NAMM 2019 sees the launch of the Grand Pacific from Taylor Guitars. The brainchild of master guitar designer Andy Powers, the slope-shouldered dreadnought design features V-Class bracing and debuts on a trio of new models with optional electronics: the 317, the Builder’s Edition 517 and Builder’s Edition 717. Read the first review of all three Grand Pacific models.
V-Class bracing was one of the stars of Winter NAMM 2018, and although the game-changing design was unveiled on the modernistic and ornate Builder’s Edition K14ce, the Grand Pacific was the guitar that Powers had in mind when he set about reworking the internal architecture of the flat-top acoustic guitar a couple of years earlier.
While the cutaway-equipped Builder’s Edition K14ce Grand Auditorium is Taylor in excelsis, the Grand Pacific has been crafted with an affinity for the crackle of vinyl records and an appreciation for an altogether older and more elusive steel-string acoustic sound.
“I thought, well, there’s all these sounds that I’m familiar with, that I love,” Andy Powers explained during the Grand Pacific press launch at Nashville’s Southern Ground studio. “I hear them on old records, I hear them on the music that I grew up with – country-rock from Laurel Canyon and bluegrass.
“So when I think about those songs, and listen to those sounds… in reality I can’t actually make those sounds with any of the guitars we have around. Even with many of the old guitars, it doesn’t make the sound that we’re familiar with because oftentimes that’s had some of its issues dealt with. It’s like a composite sound.
“The sound of a guitar filtered through a microphone, with EQ, onto tape, on to a record. So I’m listening to these songs and these wonderful stories and thinking, I need a guitar that will make this sound. I should build a guitar that makes those kind of flavours.”
And build a guitar he did. Taylor’s vice-president of marketing Tim O’Brien jokes that they “spent a year debating” whether the Grand Pacific is a dreadnought or not. “It’s about the size of a dreadnought,” says Andy. “It’s kind of shared in that bloodline, I guess, if you kind of squint your eyes just right! But it really is a type of guitar that hasn’t really existed before in this kind of way. So it’s loosely a slope-shouldered guitar.”
“I designed this instrument using the V-Class architecture,” Powers continues, “and it has all the attributes that we love about that – it has the volume and the sustain and this incredible intonation, a really nice playing action and everything – but it has a totally different character than the Grand Auditorium guitars that we built using that system. It’s a whole different personality. It has, in some ways, a more mature voice in the way that it articulates each note. Now a modern GA, that’s a great guitar. I love the way it sounds, it has a real vibrant precision. But this guitar has a warmth and clarity that I only find with kind of a more seasoned guitar.”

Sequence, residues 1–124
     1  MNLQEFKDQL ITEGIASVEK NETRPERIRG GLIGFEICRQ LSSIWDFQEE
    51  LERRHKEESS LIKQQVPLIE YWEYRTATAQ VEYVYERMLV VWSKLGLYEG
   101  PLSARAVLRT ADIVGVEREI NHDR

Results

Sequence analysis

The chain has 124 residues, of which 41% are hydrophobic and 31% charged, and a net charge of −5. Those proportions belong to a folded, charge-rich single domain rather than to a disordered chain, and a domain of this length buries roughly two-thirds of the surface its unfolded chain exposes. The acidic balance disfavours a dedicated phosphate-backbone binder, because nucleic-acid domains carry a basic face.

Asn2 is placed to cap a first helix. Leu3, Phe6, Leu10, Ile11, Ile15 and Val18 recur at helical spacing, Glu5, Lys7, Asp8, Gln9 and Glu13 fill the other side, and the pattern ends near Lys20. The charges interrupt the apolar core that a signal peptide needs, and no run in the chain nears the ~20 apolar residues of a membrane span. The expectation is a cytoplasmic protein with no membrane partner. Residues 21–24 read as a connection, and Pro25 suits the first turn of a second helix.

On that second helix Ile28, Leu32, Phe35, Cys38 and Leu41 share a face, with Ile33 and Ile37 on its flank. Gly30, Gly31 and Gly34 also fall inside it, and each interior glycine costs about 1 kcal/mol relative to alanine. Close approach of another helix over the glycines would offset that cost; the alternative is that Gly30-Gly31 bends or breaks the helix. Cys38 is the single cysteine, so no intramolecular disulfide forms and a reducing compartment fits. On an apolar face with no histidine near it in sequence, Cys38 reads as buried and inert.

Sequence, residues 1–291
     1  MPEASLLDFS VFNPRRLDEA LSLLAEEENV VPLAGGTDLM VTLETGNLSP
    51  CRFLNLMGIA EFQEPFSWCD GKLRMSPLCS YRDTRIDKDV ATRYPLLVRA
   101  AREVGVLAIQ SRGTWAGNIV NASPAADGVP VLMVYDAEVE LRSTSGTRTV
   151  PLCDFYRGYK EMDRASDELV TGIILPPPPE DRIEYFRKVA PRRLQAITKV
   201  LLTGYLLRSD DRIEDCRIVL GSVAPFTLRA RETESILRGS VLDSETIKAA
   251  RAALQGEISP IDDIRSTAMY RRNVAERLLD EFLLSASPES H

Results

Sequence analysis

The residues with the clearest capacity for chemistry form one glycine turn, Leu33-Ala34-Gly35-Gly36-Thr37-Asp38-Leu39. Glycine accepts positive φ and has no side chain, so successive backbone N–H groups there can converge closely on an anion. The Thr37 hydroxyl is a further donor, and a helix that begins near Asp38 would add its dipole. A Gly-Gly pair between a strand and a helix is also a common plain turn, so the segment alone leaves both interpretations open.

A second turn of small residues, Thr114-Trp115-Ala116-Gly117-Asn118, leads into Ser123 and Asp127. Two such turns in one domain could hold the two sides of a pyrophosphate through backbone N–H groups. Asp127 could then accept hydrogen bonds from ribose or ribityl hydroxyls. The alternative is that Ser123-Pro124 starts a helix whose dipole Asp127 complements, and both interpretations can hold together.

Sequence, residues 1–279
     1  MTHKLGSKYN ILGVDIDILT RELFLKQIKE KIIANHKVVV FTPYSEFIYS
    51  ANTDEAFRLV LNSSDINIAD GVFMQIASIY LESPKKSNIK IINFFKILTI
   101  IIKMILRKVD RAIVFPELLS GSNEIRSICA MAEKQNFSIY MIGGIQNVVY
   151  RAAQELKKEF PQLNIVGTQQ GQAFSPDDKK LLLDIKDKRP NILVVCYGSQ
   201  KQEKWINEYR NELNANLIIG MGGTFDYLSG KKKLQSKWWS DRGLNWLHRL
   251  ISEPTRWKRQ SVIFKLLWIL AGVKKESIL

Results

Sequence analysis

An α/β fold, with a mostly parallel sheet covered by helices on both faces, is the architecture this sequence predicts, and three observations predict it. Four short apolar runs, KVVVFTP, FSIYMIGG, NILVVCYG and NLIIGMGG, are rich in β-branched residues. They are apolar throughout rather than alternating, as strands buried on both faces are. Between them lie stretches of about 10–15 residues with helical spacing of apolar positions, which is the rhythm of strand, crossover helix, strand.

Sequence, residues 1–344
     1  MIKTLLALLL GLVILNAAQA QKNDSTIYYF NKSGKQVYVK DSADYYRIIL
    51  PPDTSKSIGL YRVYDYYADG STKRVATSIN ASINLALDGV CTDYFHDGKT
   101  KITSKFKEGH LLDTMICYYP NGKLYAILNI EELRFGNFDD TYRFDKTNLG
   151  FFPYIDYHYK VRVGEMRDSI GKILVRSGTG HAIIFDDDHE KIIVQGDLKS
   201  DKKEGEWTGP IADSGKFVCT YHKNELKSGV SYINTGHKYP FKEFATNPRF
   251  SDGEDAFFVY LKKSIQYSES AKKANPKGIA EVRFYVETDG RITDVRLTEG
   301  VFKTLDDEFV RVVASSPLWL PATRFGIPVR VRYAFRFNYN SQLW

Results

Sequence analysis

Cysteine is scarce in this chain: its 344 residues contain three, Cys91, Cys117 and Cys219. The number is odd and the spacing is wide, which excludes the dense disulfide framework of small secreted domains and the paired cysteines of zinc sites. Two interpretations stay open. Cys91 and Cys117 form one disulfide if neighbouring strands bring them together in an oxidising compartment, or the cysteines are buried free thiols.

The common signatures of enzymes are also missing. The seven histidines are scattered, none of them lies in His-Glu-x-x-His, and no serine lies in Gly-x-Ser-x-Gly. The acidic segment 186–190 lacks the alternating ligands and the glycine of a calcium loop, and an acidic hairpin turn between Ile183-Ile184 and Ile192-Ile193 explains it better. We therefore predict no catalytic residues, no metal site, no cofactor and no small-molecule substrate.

The elegant simplicity and symmetry of the Grand Pacific body shape is striking, and it immediately lends the instrument more of a blue-collar vibe than many high-end Taylors. Although it’s now standard on all of Taylor’s Ej Cajon-made Grand Auditorium models, V-Class bracing debuted on one Builder’s Edition instrument with a five-grand price tag. Taylor has endeavoured to make the Grand Pacific’s round-shouldered, non-cutaway body shape more accessible from day one by including the sapele/spruce 317 (from £1,919) alongside a pair of Builder’s Editions – the mahogany/torrefied Sitka spruce 517 (from £2,999) and the rosewood/torrefied Sitka spruce 717 (from £3,179).
In a move that Andy refers to as “pretty fresh for us,” the Builder’s Edition Grand Pacific models feature a new, compound neck profile that transitions from a soft V at the nut to a rounded C with a ridgeless heel. “When I look at the way that I hold a guitar and the way that people play, [in lower registers] I tend to wrap my hand a little more and the thumb goes around the neck,” Andy notes. “But by the time I’m up here [in higher registers] on the fingerboard it doesn’t do that anymore. So we built a neck carve that actually transitions from one profile into another to get a little more friendly and familiar for a player.”
Not a new idea, but certainly one that’s new to Taylor. This player-friendliness continues, with radiused edges a continuing theme throughout Powers’ Builder’s Edition designs: “Combined with this rolled fingerboard edge, and these different kind of softened, rounded off corners,” he reflects, “it just builds this guitar that’s so comfortable and so approachable, for a whole lot of different playing styles.”
The V-Class bracing system isn’t just about making an acoustic guitar shout louder and longer, it can also be used for control, and in this case to tame some of the less desirable characteristics associated with a particular body shape. While a dreadnought delivers more bass and bottom-end thump than a narrower waisted design, this can often manifest itself as an overpowering plosive that causes problems for sound engineers.
“A typical dreadnought builds low-end emphasis at the expense of the middle- and high-register notes,” says Andy. “As a result, this body resonance effectively swallows up all the other notes, preventing the body from responding to them. The Grand Pacific body, powered by the V-Class architecture, generates low-end power without taking anything away from the rest of the register. You get smooth and warmly powerful notes, with consistency across the frequency spectrum.”
The result is a guitar that delivers warmth and familiarity without getting swamped by bass, and retains clarity without the more clinical-sounding precision of a Grand Auditorium.
Will Taylor’s Grand Pacific shake up the acoustic market in 2019 like V-Class did last year? Read the first review of Taylor’s new Grand Pacific models to find out.